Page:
Meet IESE Business School’s MBA Class Of 2021

Yahel Halamish 

IESE Business School Class of 2021 at the University of Navarra

“Relentless optimistic with a critical approach who is always looking for the next challenge.”

Hometown: Tel Aviv, Israel

Fun Fact About Yourself: I “drove” a submarine.

Undergraduate School and Major: The Hebrew University in Jerusalem, LL.b, double major in Laws and Economics

Most Recent Employer and Job Title:  Alternative Investments Analyst, Altshuler Shaham (One of Israel’s largest investments house)

Describe your biggest accomplishment in your career so far: I think my biggest accomplishment so far was actually to change my career. I began my career as a corporate lawyer. During my internship, I already sensed that I would not take the career path of working as an attorney. However as I received an offer to stay on as an associate, I decided to give it a real trial before deciding to change my career path. I also knew that legal experience would undoubtedly come in useful whatever direction I ultimately chose. Half a year into my job, as my feelings remained the same, I decided to seek a position that would expand my horizons and challenge me on a daily basis. A few months later, a friend told me about the position in Altshuler Shaham, and I felt that this was a position that had the potential to challenge me. This proved correct and set me upon the path of my future career in investments.

What quality best describes the MBA classmates you’ve met so far and why? Based on who I’ve met so far, I would have to say that curiosity is one of the top qualities I’ve noticed – everyone is very eager to learn about each other and from each other. Moreover, people are very outgoing. A few months ago, we had an admitted weekend. Since I came alone, I feared that people will naturally group by countries. However, it was to the contrary – everyone was looking to socialize and meet new people. I also find my classmates to be intelligent, bright, enthusiastic, and open-minded.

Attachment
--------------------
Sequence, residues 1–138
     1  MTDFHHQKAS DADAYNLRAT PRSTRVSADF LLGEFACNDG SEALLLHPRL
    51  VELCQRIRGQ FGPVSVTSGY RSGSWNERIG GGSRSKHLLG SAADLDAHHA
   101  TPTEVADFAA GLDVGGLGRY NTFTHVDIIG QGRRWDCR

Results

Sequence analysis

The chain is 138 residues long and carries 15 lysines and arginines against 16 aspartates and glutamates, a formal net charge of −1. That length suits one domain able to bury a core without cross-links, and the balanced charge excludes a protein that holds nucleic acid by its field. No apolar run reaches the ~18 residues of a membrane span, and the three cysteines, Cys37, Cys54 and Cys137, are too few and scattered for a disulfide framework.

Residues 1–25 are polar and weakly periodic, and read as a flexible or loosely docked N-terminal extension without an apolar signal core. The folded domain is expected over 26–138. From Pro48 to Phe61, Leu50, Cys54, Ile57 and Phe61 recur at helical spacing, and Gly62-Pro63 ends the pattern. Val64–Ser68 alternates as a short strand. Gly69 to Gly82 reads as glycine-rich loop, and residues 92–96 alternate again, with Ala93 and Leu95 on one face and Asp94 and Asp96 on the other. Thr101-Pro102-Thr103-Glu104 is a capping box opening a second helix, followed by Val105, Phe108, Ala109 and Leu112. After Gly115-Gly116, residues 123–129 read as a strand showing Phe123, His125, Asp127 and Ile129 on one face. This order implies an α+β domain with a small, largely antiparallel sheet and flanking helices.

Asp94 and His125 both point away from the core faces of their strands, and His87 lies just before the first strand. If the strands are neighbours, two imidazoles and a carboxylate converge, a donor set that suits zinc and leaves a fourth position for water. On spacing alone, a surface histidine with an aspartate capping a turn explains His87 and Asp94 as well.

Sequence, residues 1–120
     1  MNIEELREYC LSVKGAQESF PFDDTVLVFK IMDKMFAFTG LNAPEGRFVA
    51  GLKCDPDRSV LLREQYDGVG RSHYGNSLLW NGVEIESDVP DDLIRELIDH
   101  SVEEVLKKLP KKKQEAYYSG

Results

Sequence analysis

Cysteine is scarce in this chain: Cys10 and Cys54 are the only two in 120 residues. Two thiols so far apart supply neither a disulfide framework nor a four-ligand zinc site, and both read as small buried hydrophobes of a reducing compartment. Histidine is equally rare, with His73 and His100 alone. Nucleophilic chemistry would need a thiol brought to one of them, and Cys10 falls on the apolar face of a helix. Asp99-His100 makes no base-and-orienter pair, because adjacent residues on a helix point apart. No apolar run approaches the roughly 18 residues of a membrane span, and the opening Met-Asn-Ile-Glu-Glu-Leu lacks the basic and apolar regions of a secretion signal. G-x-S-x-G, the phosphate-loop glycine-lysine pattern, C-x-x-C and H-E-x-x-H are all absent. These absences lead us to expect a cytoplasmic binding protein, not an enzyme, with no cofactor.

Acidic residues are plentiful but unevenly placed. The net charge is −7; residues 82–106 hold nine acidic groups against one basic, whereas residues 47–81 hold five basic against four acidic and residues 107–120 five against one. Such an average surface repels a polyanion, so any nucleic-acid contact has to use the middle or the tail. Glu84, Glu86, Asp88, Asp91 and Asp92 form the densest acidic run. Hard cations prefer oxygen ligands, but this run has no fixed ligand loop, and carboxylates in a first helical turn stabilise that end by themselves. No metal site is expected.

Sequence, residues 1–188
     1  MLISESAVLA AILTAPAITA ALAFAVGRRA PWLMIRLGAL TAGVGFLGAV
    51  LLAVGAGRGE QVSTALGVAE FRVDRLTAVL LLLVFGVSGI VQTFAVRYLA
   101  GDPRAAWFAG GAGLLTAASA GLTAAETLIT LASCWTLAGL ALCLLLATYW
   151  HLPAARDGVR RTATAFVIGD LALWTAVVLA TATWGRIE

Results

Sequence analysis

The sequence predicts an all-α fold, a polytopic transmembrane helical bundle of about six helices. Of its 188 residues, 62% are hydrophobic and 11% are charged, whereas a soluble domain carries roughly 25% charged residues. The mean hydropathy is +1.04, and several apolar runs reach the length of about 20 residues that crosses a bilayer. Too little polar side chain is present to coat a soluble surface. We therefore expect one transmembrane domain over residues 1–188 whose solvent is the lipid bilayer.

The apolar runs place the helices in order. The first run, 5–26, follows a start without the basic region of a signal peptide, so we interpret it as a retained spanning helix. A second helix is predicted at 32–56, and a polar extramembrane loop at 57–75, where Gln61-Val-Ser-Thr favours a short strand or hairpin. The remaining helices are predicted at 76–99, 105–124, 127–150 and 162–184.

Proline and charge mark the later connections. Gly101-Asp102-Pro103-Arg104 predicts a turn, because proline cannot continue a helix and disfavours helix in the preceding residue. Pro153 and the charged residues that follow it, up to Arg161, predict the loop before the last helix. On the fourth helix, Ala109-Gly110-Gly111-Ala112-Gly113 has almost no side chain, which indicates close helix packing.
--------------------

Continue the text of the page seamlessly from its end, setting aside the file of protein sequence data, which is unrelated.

What makes the case method so attractive as a means to learn and become a better manager? I had a chance to participate in a class that was analyzing case studies prior to submitting my application to IESE – and I must say this class had a major impact over my decision. Actually, looking back, I now feel that this also relates directly to the traits I’ve recognized in my future classmates. First and foremost, the communication in the class was very fluent. It allowed people to share their perspective and, at the same time, be enriched by the views and opinions of others. More specifically for me, I’m very analytical yet creative person (I was surrounded by art and painted from as long that I can remember myself) and I think the case method combines the two perfectly by expending the mind and looking for creative yet practical solutions. Furthermore, this can enhance so many skills such as better communication, teamwork, people-oriented leadership. At the same time, it sharpens the ability to pay attention to details. All very important skills in today’s world.

Aside from classmates and cases, what was the key factor that led you to choose this program for your full-time MBA and why was it so important to you? The fact that IESE stamps on its flags the issue of positive leadership, Doing Good Doing Well agenda, truly symbolizes the nature of the school culture. Even though I visited the school prior to my admission, you can never really know the culture until you become a part of it and this was another indication for me. We were even asked what impact we would wish to make as part of the essays in our admission process. As someone who had a lot of different volunteering experiences throughout the years, I felt firsthand the power of doing good and positive impact is always in my mind.

Moreover, looking at the business world, I think that the issue of responsible investing and the importance of environmental and social moral standings in companies are increasingly gaining recognition – There are studies that show a positive correlation between better ESG ratings and positive performance. More importantly, there is an increasing voice from financial leaders such as Larry Fink, CEO of Blackrock, calling to seize the mantle of leadership and go beyond making profits to making the world a better place. Therefore, I feel this issue is even more relevant now than ever.